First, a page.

We have here a familiar parable which, unfortunately, is so well known that the actual message is lost in the discussion of details. We begin by saying that in King James’ time, a penny was an amount of money typical of a laborer’s daily wage. There were workers who worked a full twelve hours, and others who worked for less hours, down to the last-hired who only worked one hour.
All things considered, the solution of the issue raised might be the only one that might actually be fair.
We know the story of Paul’s conversion that happened on his journey to Damascus. We certainly see that God is going to get what God wants! But what of the Gospel lesson?
In the Gospel, we come across some of the most often mis-used and abused sayings in all of Christendom, most often used far away from the original context. Look closely, and you can see again the promise of fulfillment!
Something here that your Sunday school teacher didn’t mention? We hear too sickeningly much about “God’s will”, “God’s time”, and “God’s higher plan”, but we don’t hear enough about one of the main points that the Bible tries to get across: fulfillment”.
You can’t frost a cake until the cake itself has been baked. Likewise, the world arranged itself in a manner that was not only advantageous, but necessary for the work of Jesus to spread faster than authorities could move to suppress it!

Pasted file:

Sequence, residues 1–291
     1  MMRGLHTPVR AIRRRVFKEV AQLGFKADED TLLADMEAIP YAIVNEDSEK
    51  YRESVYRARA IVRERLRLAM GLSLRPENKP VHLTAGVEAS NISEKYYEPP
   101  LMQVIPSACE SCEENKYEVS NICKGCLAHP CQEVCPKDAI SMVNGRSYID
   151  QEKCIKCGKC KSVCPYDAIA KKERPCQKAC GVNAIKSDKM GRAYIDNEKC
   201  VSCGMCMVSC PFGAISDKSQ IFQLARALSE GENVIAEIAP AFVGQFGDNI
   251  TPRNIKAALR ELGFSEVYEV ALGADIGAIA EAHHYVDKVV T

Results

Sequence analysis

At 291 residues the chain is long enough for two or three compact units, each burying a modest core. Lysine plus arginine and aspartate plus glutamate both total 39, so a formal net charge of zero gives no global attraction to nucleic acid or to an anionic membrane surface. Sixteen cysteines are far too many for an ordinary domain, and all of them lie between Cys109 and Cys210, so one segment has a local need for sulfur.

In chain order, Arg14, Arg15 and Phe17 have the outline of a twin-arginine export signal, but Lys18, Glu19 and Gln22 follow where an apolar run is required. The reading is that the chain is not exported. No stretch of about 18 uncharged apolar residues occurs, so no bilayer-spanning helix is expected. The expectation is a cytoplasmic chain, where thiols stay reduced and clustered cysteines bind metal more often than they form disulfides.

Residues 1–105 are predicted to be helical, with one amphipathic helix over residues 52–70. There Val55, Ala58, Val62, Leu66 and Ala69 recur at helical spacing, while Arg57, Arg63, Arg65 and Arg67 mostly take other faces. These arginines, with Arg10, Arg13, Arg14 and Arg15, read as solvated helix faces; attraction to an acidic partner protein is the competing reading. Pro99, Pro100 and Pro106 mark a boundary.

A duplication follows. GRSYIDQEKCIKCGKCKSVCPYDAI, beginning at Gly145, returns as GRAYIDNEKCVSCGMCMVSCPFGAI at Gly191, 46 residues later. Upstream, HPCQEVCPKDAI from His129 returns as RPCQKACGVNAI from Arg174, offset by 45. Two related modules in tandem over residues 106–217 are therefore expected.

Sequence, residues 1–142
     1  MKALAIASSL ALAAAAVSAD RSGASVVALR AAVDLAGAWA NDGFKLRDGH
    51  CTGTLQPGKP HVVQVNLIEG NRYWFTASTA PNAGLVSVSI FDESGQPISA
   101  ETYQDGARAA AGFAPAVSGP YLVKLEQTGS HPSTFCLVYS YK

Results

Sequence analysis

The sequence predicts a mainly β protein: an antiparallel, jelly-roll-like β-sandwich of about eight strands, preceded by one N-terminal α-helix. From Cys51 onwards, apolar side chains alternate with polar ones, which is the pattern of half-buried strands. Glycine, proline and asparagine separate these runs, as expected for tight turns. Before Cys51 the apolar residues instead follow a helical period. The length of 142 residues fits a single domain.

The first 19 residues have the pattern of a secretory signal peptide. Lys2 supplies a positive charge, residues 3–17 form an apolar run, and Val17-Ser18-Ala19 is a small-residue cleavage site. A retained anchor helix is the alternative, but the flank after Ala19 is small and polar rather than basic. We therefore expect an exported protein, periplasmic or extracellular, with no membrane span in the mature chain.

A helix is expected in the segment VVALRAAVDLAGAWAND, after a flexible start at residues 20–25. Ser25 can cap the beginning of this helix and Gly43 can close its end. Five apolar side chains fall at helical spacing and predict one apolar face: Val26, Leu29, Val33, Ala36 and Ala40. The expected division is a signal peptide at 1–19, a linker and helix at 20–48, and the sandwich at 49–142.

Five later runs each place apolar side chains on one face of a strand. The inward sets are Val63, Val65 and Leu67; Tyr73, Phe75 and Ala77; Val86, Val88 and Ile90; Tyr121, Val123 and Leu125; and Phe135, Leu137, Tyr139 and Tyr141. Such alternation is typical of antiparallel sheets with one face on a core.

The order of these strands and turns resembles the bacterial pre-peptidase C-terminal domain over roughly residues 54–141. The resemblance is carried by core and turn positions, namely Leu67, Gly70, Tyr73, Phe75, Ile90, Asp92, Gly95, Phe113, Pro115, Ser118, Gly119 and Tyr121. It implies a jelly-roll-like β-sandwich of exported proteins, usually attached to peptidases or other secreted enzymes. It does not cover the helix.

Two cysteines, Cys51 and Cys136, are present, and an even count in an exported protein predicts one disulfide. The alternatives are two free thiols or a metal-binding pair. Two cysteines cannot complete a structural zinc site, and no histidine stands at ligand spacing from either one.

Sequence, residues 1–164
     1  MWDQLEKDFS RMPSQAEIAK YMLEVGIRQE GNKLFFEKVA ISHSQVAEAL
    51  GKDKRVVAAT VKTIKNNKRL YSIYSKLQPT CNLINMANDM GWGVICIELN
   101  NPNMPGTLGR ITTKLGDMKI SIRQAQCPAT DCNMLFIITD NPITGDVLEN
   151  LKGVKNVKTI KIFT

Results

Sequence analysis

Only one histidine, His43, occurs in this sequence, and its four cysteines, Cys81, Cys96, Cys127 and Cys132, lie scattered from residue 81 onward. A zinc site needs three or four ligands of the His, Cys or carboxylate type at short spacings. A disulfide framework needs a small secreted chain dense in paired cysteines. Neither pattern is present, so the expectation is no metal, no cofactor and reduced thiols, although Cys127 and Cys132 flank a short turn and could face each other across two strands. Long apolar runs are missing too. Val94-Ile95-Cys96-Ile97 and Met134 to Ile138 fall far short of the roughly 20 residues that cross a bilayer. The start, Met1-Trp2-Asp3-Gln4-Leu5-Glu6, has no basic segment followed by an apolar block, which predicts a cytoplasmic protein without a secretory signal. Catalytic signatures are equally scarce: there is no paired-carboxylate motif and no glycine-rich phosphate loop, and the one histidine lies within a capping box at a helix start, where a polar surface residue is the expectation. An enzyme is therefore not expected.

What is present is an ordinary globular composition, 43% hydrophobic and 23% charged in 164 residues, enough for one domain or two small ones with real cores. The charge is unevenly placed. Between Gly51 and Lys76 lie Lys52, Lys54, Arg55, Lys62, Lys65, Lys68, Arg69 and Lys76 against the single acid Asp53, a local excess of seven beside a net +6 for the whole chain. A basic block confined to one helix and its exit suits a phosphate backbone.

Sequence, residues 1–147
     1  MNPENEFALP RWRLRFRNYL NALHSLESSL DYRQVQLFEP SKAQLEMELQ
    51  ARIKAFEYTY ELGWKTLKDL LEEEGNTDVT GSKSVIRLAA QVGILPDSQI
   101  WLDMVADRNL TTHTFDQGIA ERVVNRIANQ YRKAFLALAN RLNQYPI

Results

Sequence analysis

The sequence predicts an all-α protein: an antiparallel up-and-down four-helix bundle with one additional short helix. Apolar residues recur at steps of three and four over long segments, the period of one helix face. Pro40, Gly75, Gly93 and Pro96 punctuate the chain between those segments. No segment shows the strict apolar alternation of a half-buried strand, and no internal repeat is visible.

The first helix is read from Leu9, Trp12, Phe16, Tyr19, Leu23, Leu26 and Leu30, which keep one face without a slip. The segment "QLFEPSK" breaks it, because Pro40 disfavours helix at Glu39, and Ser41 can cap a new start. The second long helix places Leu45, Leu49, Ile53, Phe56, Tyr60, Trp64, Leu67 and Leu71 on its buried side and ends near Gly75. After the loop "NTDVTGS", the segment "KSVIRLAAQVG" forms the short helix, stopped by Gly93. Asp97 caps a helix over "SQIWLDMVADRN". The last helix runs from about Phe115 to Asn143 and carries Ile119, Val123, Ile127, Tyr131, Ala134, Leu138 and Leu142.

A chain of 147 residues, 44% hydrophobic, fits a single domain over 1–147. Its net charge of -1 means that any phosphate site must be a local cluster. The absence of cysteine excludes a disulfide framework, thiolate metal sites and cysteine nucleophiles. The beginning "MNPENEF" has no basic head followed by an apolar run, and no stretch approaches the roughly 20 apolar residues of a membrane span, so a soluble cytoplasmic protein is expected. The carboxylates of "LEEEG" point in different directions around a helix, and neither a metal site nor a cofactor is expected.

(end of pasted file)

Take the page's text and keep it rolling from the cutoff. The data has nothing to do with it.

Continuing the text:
Secrets revealed? The Gospel reading is the Finding in the Temple, in which Jesus tarries around in the Temple a few days after Mary and Joseph left Jerusalem to go back home to Nazareth following the Passover celebration. It is also the last thing we read about him as a child. The next event in his life that we will read about is his baptism by John the Baptist.
All of this leaves room for much speculation. We can, of course, speculate and surmise from what we find in other sources and tradition.
The reading in place of the Epistle is explicit in its prophecy. And the Gospel reading goes well with it, and goes further with the point we found in last week’s readings. In stupidly simple terms, nobody is going to stand in God’s way.
Since Joseph had no more trust in Herod’s son Archelaus than in Herod, he made use of the same gap in jurisdictions that would figure much later in Jesus’ trial. Joseph went to Galilee and to Nazareth, fulfilling yet another prophecy.